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6.4 An overview of HOF demos

The HOF demos are divided by domain, and are accessed through the demo palette of the individual domain. As of this writing, only the SDF, DDF, DE, and CGC domains have HOF demo palettes.

6.4.1 HOF demos in the SDF domain

The top-level demo palette for the HOF/SDF demos is shown in figure 6-17.
The icon labeled "test" points to a set of demos that are not documented here and are used as part of the regression tests in Ptolemy.

This demo generates a number of sine waves given by the parameter number_of_sine_waves and adds them all together. The amplitude of each sine wave is controlled by a Tk slider that is inserted into the control panel when the system is run. The frequency in radians of each sine wave (relative to a sample rate of 2) is instance_number multiplied by /32. Thus, the first sine wave will have a period of 64 samples. The second will have a period of 32. The third will have a period of 16, etc. The sum of these sine waves is displayed in bar-graph form.
This demo is shown above in figure
This system implements a recursive definition of a decimation-in-time fast Fourier transform, comparing its output against that of a direct implementation in C++. The system is configured to use 32 point FFTs to implement a 256 point FFT. The granularity is controllable with the parameters, and can be taken all the way down to the level of multipliers and adders. This system is discussed in detail in [Lee94].
This system generates the same square as in the square demo, and then computes its two-dimensional FFT using the method given in figure
This system generates a number of sinusoids as given by the number_of_terms parameter. These are then weighted by the appropriate Fourier series coefficients so that the sum of the sinusoids gives the finite Fourier series approximation for a square wave with period given by the period parameter.

This system is similar to the fourierSeries system above, but uses Mathematica to calculate parameter values. Mathematica must be licensed on the local workstation for this demo to run.
This system models a planar array of sensors with beamforming and steering, such as might be used with a microphone array or a radar system. The sensors can be positioned arbitrarily in a plane. With the default parameters, 16 sensors are uniformly spaced along the vertical axis, half a wavelength apart, except for one, the fourth, which is offset along the horizontal axis by one tenth of a wavelength. The gain of the array as a function of direction is plotted in both polar and rectangular form (the latter in dB). A Hamming window is applied to the sensor data, as is a steering vector which directs the beam downwards. Zoom into the center of the polar plot to see the effect of the offset sensor. Try changing the parameter_map of the left-most MapGr higher-order function to realign the offset sensor, and observe the effect on the gain pattern.

This system simulates radar without beamforming. In this simulation, we simulate the effect of an electromagnetic signal traveling from a transmitter to targets and going back to receivers.The delay of the returned signal is used to provide information on the range of the target. The frequency shift, or Doppler effect, is used to provide information on the speed of the target. Thus, with these parameters, we estimate the target's properties as in a narrow band radar.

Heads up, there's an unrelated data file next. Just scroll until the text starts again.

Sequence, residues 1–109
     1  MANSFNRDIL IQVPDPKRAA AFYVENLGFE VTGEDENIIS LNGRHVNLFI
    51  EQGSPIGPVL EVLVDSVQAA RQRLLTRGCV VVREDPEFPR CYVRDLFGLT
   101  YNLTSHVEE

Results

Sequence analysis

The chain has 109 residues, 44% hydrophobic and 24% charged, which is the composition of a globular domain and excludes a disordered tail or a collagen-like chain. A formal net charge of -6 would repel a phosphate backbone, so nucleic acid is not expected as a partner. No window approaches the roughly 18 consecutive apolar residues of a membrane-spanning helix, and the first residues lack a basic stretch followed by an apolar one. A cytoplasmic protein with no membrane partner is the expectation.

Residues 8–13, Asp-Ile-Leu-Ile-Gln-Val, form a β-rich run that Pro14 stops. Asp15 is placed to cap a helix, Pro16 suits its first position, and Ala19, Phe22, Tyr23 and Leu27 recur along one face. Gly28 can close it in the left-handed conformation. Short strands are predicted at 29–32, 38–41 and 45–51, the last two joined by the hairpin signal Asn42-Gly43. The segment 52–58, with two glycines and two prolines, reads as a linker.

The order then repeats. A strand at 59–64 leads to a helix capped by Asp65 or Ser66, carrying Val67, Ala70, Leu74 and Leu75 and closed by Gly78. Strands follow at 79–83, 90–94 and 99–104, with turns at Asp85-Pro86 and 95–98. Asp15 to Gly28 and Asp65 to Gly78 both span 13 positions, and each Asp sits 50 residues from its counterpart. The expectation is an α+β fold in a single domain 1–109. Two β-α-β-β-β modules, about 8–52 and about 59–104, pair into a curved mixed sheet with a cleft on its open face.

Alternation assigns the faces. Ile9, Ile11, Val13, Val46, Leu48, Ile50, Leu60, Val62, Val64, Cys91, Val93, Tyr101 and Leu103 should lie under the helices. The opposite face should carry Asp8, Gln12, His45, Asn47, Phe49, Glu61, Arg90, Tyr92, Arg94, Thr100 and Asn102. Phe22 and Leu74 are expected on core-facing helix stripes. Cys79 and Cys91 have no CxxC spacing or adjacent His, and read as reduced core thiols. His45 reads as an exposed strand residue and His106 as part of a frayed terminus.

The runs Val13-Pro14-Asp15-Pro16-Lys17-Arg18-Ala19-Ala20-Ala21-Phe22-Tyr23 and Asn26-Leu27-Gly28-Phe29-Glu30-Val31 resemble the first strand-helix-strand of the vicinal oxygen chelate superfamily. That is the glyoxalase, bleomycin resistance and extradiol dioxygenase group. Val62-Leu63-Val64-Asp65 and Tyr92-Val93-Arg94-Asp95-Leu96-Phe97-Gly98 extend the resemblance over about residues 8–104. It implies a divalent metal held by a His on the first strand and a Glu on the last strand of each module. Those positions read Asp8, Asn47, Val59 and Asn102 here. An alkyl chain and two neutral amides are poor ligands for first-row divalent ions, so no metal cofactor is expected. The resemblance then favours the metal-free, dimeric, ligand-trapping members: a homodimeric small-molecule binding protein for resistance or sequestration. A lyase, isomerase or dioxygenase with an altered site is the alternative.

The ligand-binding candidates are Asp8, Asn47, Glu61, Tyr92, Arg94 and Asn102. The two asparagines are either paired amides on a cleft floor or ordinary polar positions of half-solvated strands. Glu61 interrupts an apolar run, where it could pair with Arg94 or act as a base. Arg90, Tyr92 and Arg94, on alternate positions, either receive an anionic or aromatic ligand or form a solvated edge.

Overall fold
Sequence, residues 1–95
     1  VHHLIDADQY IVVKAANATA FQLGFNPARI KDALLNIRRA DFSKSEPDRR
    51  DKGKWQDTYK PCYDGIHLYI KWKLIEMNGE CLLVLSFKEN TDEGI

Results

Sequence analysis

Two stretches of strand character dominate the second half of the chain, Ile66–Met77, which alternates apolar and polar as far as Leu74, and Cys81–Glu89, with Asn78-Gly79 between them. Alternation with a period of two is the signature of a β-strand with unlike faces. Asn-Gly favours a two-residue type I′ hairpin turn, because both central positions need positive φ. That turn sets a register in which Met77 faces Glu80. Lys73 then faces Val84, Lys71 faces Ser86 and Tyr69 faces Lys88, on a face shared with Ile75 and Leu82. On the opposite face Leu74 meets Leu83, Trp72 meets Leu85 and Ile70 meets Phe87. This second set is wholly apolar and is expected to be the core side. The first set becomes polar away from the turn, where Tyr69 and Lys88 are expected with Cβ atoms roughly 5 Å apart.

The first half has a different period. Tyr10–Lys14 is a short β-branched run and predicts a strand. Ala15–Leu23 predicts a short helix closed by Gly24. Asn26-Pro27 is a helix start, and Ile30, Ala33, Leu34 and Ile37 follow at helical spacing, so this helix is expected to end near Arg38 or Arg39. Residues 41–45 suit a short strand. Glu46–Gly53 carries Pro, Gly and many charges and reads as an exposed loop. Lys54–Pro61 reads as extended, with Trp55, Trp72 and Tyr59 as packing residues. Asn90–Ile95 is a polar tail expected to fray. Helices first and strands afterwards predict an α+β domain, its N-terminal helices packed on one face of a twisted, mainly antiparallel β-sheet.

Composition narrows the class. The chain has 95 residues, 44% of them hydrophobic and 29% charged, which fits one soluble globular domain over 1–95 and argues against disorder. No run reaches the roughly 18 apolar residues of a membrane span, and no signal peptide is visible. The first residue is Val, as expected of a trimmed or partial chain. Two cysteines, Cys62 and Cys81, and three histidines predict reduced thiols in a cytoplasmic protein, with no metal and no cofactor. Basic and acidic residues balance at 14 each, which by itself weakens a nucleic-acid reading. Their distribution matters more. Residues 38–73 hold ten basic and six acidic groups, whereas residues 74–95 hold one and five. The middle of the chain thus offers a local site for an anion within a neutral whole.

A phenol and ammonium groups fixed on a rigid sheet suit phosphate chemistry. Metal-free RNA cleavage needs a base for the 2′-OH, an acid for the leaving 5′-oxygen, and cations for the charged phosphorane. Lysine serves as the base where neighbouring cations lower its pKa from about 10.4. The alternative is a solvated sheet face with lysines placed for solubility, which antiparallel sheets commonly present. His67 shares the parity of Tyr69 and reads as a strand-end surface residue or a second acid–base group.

The system has been converted from a data parallel form that uses a five-dimensional data array to a functional parallel form that uses higher-order functions to produce streams of streams. The five dimensions are range bin, doppler filters, number of sensors, number of targets and number of pulses. For more information, see
This demo is shown above in figure
This system demonstrates the bit_reverse galaxy shown above in figure
This system demonstrates the BusMerge HOF star. It generates an image consisting of a light square on a dark background. The image is first represented using a bus, where each connection in the bus represents one row. The Commutator star then rasterizes the image.
This demo is shown above in figure

6.4.2 HOF demos in the DE domain

At this time, there are only two simple demos in the DE domain.

This system generates any number of Poisson processes (default 10) and displays them together. To distinguish them, each process produces events with a distinct value.
Combine a number of Poisson processes and show that the interarrival times are exponentially distributed by plotting a histogram. Notice that the histogram bin centered at zero is actually only half as a wide as the others (since the interarrival time cannot be negative), so the histogram displays a value for the zero bin that is half as high as what would be expected.

6.4.3 HOF demos in the CGC domain

The top-level demo palette for the HOF demos in the C Code generation domain (CGC) is shown in figure 6-18

Create a set of ramps of different slopes and display them in both a bar chart and using pxgraph.
This system demonstrates recursion in code generation by taking a ramp in and reordering samples in bit-reversed order.
This system produces a sound made by adding a fundamental and its harmonics in amounts controlled by sliders. This demo will work only on Sun workstations.
This system is a CGC version of the SDF demo wildColors. It creates a number of random sequences and plots them in a pair of bar graphs.

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